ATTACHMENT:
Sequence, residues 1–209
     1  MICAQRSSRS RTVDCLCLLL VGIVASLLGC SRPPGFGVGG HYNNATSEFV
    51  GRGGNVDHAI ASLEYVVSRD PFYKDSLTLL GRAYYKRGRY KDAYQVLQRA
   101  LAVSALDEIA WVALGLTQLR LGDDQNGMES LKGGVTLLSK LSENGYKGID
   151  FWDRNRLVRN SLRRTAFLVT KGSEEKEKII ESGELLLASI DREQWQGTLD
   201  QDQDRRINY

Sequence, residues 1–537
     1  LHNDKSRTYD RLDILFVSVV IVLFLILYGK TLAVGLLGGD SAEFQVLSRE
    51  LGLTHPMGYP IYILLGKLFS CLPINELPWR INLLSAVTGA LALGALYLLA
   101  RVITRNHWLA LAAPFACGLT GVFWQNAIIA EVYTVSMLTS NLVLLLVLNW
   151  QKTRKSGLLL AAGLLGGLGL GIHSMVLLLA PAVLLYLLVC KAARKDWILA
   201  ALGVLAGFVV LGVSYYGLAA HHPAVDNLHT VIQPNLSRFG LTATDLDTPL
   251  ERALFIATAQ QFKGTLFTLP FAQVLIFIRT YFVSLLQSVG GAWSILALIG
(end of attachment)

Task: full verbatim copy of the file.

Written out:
Sequence, residues 1–209
     1  MICAQRSSRS RTVDCLCLLL VGIVASLLGC SRPPGFGVGG HYNNATSEFV
    51  GRGGNVDHAI ASLEYVVSRD PFYKDSLTLL GRAYYKRGRY KDAYQVLQRA
   101  LAVSALDEIA WVALGLTQLR LGDDQNGMES LKGGVTLLSK LSENGYKGID
   151  FWDRNRLVRN SLRRTAFLVT KGSEEKEKII ESGELLLASI DREQWQGTLD
   201  QDQDRRINY

Sequence, residues 1–537
     1  LHNDKSRTYD RLDILFVSVV IVLFLILYGK TLAVGLLGGD SAEFQVLSRE
    51  LGLTHPMGYP IYILLGKLFS CLPINELPWR INLLSAVTGA LALGALYLLA
   101  RVITRNHWLA LAAPFACGLT GVFWQNAIIA EVYTVSMLTS NLVLLLVLNW
   151  QKTRKSGLLL AAGLLGGLGL GIHSMVLLLA PAVLLYLLVC KAARKDWILA
   201  ALGVLAGFVV LGVSYYGLAA HHPAVDNLHT VIQPNLSRFG LTATDLDTPL
   251  ERALFIATAQ QFKGTLFTLP FAQVLIFIRT YFVSLLQSVG GAWSILALIG